When we let go of a thing, be it coffee, alcohol, swearing, religion, negative self-talk, self-doubt, disordered eating behaviors, etc., it's not just the thing that isn't there anymore, many variables shift around that thing. We may feel like there is an empty space, a hole that needs to be filled. And perhaps that what it's all about. So often we fill in the spaces of our lives with things (or people) that aren't actually good for us. Our intention way be wise, but the way in which we pursue the intention is not.
A client of mine shared with me the two words that she chose to be her anchors for the new year, "strength" and "patience." When she asked what I had decided on, I shared that one word I was landing upon was, "shed."
"It means to let go of anything dead and dysfunctional, that no longer serves you or is ineffective in your life anymore," I said.
Shedding isn't necessarily easy though. Unlike birds who molt naturally, or elk whose antlers shed with a loss of testosterone, when we shed something that is affecting us psychologically, emotionally, spiritually, or the like, it requires some self-awareness. And when we choose to shed something or someone, a door is opened to a space inside of us that can feel quite tender, frightened, and vulnerable.
My husband (I love you, baby) shared with me recently that he has been practicing letting go of being so hard on himself. He wanted to be better, work harder, and not disappoint others. His intention was protective and aimed at helping himself, but the path was harmful. When I asked him what it looks like when he is hard on himself, we were drawn down a road of some very old and hurtful memories of events with others in his life. He said, "I can't go back in time to when I was 6 years old into my early 20's and change things, but I can change it now." He's right. And yet, in the present, he can let his younger self know, when he does notice the harsh and critical words coming in, that he's got his back, that he's safe, and he's a good person.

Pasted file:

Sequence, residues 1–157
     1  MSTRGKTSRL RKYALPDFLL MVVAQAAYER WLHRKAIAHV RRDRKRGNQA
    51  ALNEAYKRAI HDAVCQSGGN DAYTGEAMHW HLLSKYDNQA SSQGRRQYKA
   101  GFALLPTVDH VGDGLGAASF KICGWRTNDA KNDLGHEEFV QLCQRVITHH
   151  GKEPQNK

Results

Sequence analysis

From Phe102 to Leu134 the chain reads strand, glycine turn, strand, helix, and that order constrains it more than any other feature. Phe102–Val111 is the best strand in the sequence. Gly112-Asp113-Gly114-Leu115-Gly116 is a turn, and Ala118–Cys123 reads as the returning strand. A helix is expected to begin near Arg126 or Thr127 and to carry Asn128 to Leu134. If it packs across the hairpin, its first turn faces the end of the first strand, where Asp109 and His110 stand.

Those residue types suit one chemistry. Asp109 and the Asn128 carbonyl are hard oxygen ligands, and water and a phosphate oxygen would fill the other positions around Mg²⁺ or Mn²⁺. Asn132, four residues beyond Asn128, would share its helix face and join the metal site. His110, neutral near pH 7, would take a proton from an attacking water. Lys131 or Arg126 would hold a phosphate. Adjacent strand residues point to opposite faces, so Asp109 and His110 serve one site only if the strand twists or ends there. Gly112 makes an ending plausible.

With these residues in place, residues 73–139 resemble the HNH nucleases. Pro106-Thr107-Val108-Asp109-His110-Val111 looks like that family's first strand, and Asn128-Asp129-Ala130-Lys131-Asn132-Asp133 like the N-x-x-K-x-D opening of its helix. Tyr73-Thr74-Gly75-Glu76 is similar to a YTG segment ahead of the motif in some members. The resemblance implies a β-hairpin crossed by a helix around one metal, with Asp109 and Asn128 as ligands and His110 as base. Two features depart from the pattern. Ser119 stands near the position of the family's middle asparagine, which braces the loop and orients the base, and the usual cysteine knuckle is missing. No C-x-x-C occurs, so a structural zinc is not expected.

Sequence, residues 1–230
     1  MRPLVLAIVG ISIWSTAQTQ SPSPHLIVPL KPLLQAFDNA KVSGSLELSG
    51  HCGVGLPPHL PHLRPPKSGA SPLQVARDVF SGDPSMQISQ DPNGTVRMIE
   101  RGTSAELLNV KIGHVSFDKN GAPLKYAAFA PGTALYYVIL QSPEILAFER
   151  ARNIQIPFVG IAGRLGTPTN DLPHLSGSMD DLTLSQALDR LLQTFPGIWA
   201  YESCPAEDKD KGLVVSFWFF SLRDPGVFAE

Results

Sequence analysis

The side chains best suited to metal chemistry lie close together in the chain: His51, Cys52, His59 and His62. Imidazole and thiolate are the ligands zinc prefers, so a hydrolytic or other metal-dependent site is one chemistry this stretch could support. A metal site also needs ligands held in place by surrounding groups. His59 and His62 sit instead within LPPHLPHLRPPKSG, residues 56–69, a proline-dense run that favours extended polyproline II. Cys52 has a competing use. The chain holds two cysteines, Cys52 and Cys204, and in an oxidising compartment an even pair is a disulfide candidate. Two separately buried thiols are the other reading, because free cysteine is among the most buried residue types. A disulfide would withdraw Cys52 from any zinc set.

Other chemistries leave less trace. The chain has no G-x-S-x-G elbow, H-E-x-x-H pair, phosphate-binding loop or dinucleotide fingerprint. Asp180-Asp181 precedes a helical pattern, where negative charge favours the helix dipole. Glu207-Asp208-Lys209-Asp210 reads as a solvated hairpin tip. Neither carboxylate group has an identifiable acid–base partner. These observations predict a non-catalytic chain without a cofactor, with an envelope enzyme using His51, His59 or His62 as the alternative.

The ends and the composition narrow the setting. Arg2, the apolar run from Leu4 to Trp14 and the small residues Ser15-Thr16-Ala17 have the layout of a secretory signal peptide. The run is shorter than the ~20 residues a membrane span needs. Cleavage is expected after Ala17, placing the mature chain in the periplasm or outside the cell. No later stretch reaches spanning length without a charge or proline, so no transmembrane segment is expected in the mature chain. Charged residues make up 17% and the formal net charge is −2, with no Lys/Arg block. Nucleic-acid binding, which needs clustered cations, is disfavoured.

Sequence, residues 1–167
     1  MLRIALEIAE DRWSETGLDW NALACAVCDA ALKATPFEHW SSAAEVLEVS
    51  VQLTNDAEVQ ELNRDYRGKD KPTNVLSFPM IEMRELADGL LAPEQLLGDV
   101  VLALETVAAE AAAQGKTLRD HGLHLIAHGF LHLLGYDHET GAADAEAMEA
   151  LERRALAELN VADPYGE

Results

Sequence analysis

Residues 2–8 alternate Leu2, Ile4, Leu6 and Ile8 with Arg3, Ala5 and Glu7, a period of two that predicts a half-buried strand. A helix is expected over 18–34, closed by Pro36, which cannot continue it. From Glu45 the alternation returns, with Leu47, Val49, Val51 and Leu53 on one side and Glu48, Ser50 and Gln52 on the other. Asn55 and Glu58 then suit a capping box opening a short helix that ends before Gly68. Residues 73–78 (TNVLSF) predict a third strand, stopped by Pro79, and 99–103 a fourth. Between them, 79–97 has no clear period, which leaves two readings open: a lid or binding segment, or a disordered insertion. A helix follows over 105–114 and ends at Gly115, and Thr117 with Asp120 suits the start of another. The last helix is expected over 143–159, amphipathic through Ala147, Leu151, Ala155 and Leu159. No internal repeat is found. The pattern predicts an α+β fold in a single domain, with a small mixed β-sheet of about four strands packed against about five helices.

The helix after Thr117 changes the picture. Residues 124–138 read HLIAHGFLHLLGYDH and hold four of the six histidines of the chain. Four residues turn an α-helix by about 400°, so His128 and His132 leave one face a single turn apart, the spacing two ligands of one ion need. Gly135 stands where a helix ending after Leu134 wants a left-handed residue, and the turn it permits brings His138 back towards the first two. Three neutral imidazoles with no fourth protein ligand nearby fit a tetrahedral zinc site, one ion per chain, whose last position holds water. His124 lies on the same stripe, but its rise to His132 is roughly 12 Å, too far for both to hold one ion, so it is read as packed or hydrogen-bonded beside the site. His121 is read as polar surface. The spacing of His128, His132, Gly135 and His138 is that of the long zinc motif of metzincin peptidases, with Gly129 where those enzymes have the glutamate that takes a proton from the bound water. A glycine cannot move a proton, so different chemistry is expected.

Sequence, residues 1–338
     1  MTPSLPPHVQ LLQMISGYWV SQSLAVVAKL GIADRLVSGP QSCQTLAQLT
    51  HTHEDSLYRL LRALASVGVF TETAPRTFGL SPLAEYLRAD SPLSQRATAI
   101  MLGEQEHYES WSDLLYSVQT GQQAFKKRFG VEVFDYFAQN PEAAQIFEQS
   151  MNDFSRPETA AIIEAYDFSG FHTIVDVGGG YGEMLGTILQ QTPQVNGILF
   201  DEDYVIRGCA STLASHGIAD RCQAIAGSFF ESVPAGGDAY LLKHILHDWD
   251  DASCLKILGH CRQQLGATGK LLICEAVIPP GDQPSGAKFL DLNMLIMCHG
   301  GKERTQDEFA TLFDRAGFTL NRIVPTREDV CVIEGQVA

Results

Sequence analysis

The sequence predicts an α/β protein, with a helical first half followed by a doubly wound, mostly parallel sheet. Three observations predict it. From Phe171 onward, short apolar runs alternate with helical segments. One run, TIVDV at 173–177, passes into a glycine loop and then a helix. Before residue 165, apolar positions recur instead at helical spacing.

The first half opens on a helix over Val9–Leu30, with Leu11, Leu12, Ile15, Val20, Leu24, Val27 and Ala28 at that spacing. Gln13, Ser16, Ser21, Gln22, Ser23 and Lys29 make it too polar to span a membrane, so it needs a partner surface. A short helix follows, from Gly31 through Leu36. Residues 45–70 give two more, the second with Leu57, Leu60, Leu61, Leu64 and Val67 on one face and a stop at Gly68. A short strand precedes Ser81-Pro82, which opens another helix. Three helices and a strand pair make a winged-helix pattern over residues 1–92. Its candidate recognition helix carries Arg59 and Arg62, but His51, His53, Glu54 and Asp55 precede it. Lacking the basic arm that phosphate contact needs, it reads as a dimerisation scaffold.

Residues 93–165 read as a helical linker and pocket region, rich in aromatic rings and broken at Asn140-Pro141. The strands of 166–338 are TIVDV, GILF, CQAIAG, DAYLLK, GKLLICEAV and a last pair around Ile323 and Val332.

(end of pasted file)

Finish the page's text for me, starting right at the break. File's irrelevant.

That's what letting go to let in, means. Shedding one thing to let in something more benevolent, loving, kind, gentle, functional, nourishing, clarifying, aware, and aligned with your values. If we're doing it right, we may notice we're letting go a lot, because what we want to let in can no longer be ignored. The costs of continuing to do what we've always done extend into many different areas of our lives.
Coffee is perhaps a very simple and inconsequential example, however, the amount of time and energy I spend thinking about letting it go, is not! It's not serving me in any real, purposeful, wholehearted way. And letting it go would give me an opportunity to feel what's there, when it isn't.
Is there something in your life that you would like to shed? A way of being, with yourself or others? A way of thinking? What would better serve you and your life as a whole, if you were to let it in? As Rumi so wisely advises, "If you're looking for your soul, then come out of your own prison."
If you could use support with letting go and letting in, you know where to find me. Please reach out to email@example.com